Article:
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Town Manager

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Dec 17

Building Projects and January Special Town Meeting

Posted on December 17, 2020 at 12:20 PM by Ashley Place

Michael Herbert 

In January, Ashland voters will head participate in both a Special Town Meeting and a Special Election to vote on two transformative projects: the Public Safety Building and the Mindess School. For many residents in Ashland, the need for both buildings is clearly evident. I also believe that Ashland both understands and wants to invest in itself to make it a better community for everyone, but especially for its kids, seniors, and first responders. That being said, taxpayers will bear a cost for both projects, and voters will need to decide what they can afford when they go to the polls in January. 

The consequences of the pandemic have been as bad as any as we've seen in the country. The health impacts have been devastating, and the resulting financial impacts have reverberated throughout the economy. Combined with a form a government that is built on direct democracy, one would wonder why would we even consider moving forward with something this consequential right now. But moving forward now is the prudent financial decision for many reasons.  

Ironically, the negative economic impacts lead to a public bidding and construction environment very favorable for towns like Ashland. The combination of exceedingly low-interest rates with the lack of public construction work in other communities is saving Ashland millions of dollars on constructing a public safety facility, which translates into direct  cost savings for taxpayers. For additional taxpayer relief,  we are redirecting funds to help pay for the public safety building in order to reduce the increase in taxes necessary to fund the project. This strategy itself will result in the tax burden for the average taxpayer going down from $241 to $159/annually. 

Building a public safety building will also free up two key downtown parcels for redevelopment. Who hasn't thought the fire station would be a great place for a brewery or restaurant? The adaptive reuse of the fire station would also result in further economic benefits for the town. And Ashland can be even more creative with the police station parcel, or simply convert it into more downtown parking for existing businesses.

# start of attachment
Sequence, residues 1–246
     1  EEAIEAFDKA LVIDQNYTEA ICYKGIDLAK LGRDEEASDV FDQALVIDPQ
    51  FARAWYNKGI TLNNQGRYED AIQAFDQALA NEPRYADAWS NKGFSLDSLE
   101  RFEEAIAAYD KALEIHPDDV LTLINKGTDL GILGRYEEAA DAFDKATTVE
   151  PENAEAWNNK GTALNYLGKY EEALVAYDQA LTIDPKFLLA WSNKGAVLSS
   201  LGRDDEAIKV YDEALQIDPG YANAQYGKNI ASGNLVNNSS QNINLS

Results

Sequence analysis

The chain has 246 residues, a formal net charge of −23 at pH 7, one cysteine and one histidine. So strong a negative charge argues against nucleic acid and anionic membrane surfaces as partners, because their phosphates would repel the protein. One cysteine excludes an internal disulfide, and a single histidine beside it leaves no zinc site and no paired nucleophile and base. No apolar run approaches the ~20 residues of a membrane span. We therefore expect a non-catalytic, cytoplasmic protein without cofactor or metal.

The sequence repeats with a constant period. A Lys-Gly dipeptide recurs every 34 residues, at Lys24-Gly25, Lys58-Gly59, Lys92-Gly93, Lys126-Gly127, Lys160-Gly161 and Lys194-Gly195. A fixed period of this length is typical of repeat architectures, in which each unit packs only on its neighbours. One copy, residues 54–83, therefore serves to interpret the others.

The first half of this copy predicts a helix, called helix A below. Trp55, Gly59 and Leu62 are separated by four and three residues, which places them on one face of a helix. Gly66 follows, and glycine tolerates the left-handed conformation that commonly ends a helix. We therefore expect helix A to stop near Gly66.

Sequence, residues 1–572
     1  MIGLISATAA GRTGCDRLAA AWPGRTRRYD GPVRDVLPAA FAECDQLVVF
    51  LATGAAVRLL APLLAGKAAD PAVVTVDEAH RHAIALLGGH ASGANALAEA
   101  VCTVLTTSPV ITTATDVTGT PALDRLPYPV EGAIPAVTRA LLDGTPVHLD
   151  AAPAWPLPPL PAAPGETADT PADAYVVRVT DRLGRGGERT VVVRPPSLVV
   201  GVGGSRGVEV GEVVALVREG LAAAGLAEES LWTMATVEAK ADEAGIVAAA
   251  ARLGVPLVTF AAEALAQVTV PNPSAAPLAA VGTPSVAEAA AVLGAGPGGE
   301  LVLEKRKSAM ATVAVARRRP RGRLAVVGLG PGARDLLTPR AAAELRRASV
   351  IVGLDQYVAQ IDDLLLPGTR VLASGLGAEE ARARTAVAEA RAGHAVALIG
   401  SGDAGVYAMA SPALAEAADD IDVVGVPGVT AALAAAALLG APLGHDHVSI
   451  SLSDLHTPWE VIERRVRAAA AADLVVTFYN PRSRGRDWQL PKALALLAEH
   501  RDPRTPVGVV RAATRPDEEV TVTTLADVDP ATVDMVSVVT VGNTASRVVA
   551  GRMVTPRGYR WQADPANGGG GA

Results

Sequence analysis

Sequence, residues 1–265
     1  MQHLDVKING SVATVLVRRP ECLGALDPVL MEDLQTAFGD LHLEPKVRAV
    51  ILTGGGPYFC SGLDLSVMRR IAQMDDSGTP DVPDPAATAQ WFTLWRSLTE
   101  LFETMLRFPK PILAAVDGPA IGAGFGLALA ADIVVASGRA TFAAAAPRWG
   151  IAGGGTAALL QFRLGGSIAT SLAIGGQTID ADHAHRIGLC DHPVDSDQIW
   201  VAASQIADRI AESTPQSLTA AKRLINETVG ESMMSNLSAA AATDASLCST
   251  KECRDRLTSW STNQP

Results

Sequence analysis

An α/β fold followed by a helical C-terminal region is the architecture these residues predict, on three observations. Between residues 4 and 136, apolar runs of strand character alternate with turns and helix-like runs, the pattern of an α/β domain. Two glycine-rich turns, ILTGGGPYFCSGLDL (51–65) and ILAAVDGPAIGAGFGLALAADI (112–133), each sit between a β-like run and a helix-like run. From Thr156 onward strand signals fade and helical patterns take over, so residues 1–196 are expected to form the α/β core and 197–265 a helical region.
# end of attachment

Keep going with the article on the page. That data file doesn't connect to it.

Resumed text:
For the Mindess School, similar strategies are being utilized. The impact for the Mindess School will gradually increase from $17 in 2021 to $441 in FY2025, so as not to dramatically impact taxpayers all at once. Also, as part of the MSBA process, we are in line to receive over $27 million dollars in state reimbursement from that established program. The costs will only go higher the longer we wait. Even pushing this vote out one more year could see costs escalate by $2 to $4 million for such a project. 

Both projects are coming at a time when debt from previous projects is falling off (starting in FY25). Taken altogether, both projects combined with the subsequent drop off in existing debt, will result in a net tax increase of $360. Again that is for two brand new buildings. 

Of course, the numbers only tell part of the story. There is a human element here as well. Again, the condition of the buildings speak for themselves. Please ensure that you vote later in January.
Dec 17

December 2020 Special Town Meeting Wrap Up

Posted on December 17, 2020 at 12:15 PM by Ashley Place


Ashland voters met on Wednesday, December 9, 2020, at 6 pm for Special Town Meeting at Ashland High School located on 65 East Union Street. We want to thank the 87 voters who came out to vote. Special Town Meeting primarily contained articles deferred from the Annual Town Meeting held this past June. Town meetings are essential to continue municipal operations. Less than 100 Ashland voters attended Special Town Meeting and passed all the presented warrant articles.